When you’re thinking about trying something for the first time, you may decide to talk to people with whom you are close about it. These people will often offer you advice, provide encouragement, or give warnings to prepare you for the new experience or situation, whatever it happens to be. Having a support system that includes your close friends and family is extremely valuable. However, sometimes, regardless of how good their intentions are, your friends and family may not have the words that you need to hear to feel satisfied and confident, perhaps because they have not ever experienced what you are about to experience. It is, in these cases, even more valuable to receive insider-information: advice from people who are familiar with what you are about to face.
The International Student Affairs Office have taken it upon ourselves to gather wisdom from some of our most experienced international students. These are students who have completed the process of successful adjustment to college life in America. Throughout their time here, they have discovered many deep insights about life, especially college life in a foreign country, and they are willing to share some of these with you.
“One thing about college is that when you come, you shouldn’t come with much expectation, or else you might be disappointed or you might be overwhelmed. Come with little expectation so that everything that happens will blow your mind. That’s what I do. I just keep an open mind so that everything that happens to me is kind of fascinating.” Nana Yaw Ohemeng of Ghana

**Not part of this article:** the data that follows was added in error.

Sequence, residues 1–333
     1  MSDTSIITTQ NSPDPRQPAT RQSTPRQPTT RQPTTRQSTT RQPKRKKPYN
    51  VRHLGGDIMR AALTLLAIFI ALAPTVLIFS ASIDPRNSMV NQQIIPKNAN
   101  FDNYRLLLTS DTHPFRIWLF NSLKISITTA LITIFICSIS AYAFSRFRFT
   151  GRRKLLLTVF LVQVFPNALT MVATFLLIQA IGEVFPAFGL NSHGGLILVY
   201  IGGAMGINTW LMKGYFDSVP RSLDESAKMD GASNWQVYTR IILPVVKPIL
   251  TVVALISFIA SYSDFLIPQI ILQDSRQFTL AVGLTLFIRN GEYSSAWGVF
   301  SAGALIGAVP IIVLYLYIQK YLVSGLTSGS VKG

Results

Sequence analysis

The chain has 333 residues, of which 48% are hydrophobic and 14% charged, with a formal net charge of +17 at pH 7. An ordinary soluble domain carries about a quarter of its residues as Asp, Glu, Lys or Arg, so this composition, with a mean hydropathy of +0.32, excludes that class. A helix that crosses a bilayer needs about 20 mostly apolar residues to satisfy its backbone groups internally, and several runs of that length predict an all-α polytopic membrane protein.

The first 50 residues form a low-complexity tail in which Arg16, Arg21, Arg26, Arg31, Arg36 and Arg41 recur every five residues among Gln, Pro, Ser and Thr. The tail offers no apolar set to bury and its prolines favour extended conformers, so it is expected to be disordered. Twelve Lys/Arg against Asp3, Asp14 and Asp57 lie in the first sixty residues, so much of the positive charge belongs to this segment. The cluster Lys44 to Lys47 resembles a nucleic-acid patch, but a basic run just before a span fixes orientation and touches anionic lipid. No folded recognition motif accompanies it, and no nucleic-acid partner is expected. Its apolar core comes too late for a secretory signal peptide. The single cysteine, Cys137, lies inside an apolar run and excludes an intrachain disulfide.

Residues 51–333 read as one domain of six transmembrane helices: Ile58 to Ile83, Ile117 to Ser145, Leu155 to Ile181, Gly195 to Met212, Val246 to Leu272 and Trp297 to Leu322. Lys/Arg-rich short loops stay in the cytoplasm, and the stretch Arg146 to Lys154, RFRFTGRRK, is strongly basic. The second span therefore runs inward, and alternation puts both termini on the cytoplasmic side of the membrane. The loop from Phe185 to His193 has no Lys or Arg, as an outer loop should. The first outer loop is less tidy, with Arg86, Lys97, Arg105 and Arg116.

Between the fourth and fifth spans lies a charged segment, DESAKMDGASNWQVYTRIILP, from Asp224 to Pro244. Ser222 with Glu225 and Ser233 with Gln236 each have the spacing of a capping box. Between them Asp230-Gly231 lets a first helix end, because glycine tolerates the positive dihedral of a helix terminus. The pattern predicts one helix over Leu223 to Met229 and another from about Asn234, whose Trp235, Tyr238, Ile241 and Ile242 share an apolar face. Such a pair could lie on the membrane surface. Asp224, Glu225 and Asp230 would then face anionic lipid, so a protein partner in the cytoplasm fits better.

“You should hang out with people as much as possible because the more you listen to people, the more you can help them. If you don’t understand them, how can you be a good mentor?” Ly Dong of Vietnam
“I would strongly suggest being honest, and don’t feel frustrated. You, as international students, are already brave in coming to another country, thousands of miles away from your own country. There is a responsibility to catch up and to handle any kind of problem, but at the same time, there are a lot of people who want to help international students. Just focus on the positive parts. Just focus on interacting with people who want to help you.” J.D. Lee of South Korea
“Accept cultural differences, and respect them. But realize that, basically, we’re not different. We’re just showing things in different ways.” Winter Wang of China
“Work on time management between work, school, and play. If you make a plan of what you are going to do, that will really help you so you don’t get behind. Just don’t procrastinate because so many things can easily pile up. Join some organization because, through that, you will be able to make a lot of friends. Just make the most out of it. Do your best.” Netra Neupane of Nepal
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